Archive for the 'Regulation and tort' Category

Supreme Court on nuisance and planning

By Centre for Law and Environment , on 19 March 2014

The Supreme Court handed down an important decision on the relationship between private nuisance and planning permission on 26 February, citing publications by a member of the UCL Centre for Law and the Environment.

In broad terms, the tort of nuisance addresses the reasonable use and enjoyment of land. The paradigm private nuisance is perhaps a case of noise or smells from industrial or commercial activities, although a nuisance can also take the form of physical harm to property or encroachment on the claimant’s land (for example by tree roots). Many of the activities challenged in private nuisance have been granted planning permission, raising profound practical and constitutional questions about the relationship between the regulatory state and the courts. (more…)

Regulation and tort

By Centre for Law and Environment , on 13 November 2012

Professor Maria Lee is working on the relationship between tort and regulation. Environmental protection is a public interest dominated by a complex and more or less comprehensive system of state and supranational regulation. But this is also the realm of private law, since individual rights or interests (eg property, physical integrity, amenity) may be affected by the regulation itself or by a regulated activity. What happens when these areas of law meet is unclear, particularly how the regulatory decision should feed into the determination and protection of rights and interests in private law.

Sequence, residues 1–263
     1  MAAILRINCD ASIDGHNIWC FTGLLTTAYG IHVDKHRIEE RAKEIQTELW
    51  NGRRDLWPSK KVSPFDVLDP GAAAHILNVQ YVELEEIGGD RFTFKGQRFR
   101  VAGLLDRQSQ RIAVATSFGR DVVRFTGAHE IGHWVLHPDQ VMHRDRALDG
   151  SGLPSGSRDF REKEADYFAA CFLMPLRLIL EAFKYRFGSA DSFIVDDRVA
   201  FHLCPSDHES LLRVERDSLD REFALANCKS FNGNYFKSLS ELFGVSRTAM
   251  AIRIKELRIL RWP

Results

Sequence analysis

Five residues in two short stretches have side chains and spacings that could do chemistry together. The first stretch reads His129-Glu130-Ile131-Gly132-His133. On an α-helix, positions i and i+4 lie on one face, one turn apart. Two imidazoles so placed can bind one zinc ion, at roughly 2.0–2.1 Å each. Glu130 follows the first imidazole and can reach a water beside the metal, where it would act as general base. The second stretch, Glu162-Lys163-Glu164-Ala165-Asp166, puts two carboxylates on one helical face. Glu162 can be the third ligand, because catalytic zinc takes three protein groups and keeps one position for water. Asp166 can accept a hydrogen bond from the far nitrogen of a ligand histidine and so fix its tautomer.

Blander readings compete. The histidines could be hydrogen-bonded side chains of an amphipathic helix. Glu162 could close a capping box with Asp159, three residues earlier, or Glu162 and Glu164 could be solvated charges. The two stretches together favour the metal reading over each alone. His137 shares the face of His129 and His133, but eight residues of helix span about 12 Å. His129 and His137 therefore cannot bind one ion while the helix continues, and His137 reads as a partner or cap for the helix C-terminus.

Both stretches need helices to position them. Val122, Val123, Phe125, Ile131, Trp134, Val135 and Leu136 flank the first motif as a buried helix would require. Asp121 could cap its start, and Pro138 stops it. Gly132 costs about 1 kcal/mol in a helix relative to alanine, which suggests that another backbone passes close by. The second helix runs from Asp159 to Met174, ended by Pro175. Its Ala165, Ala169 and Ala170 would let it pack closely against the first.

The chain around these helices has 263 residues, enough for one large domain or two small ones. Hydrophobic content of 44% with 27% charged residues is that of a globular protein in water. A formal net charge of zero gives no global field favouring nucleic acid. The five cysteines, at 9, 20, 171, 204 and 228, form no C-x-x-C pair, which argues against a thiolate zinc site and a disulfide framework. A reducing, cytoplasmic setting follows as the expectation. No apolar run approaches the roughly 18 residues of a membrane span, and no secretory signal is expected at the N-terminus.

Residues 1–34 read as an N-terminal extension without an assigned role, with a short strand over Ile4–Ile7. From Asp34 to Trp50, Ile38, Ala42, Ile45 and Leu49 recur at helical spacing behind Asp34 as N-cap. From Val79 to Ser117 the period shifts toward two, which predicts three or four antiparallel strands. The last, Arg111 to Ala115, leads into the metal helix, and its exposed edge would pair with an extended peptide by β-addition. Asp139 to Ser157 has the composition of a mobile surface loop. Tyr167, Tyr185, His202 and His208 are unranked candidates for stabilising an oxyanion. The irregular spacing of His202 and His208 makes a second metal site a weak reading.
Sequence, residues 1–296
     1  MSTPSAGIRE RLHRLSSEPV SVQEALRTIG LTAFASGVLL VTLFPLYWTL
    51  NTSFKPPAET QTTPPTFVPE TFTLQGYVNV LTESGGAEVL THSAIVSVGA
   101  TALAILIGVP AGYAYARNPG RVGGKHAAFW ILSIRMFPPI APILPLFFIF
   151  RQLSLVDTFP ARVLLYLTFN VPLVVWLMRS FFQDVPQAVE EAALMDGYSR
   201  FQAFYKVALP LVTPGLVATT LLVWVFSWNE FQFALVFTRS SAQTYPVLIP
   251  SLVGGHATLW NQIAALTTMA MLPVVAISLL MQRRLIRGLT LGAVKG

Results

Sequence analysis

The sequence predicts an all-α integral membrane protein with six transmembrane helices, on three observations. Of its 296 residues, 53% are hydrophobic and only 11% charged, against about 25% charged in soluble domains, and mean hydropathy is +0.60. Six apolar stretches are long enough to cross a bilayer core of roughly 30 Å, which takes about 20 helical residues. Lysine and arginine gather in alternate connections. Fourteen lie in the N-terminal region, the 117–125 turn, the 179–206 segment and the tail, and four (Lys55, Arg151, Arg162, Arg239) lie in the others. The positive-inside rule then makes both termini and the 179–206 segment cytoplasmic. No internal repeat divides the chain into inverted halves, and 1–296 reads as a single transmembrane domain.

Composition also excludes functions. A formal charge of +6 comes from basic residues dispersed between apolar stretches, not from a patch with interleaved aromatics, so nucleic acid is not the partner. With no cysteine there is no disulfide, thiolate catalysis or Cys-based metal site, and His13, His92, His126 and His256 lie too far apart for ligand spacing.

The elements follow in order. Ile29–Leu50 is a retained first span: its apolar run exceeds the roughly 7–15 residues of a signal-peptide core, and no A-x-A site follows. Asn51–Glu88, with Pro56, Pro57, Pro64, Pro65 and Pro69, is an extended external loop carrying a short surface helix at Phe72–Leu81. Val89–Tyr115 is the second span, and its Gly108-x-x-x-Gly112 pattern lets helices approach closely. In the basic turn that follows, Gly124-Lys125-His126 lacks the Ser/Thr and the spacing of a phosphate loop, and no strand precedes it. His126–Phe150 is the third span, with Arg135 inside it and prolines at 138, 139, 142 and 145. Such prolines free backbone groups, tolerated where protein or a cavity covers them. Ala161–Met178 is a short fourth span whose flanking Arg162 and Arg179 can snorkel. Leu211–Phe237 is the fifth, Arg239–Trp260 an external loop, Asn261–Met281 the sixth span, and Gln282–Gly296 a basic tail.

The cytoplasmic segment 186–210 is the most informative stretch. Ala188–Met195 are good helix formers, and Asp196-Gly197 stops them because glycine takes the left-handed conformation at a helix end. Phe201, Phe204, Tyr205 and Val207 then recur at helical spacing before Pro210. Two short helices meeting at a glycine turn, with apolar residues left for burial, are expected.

Topical examples with the potential for private and public interests and law to meet include windfarms and airports (as well as many more mundane cases), where regulatory decisions about location and operation are taken in what the regulator or government has determined to be the public interest. Individuals who find their health, amenity or property adversely affected may turn to the private law of tort for protection. Regulatory norms and processes at their best strike a reasoned balance between various, sometimes conflicting, public or collective interests, and at their best will also have considered the impact of desirable activities on private rights and interests. The operation of private law may disrupt these careful regulatory arrangements; but without private law, individual rights and interests may be inadequately protected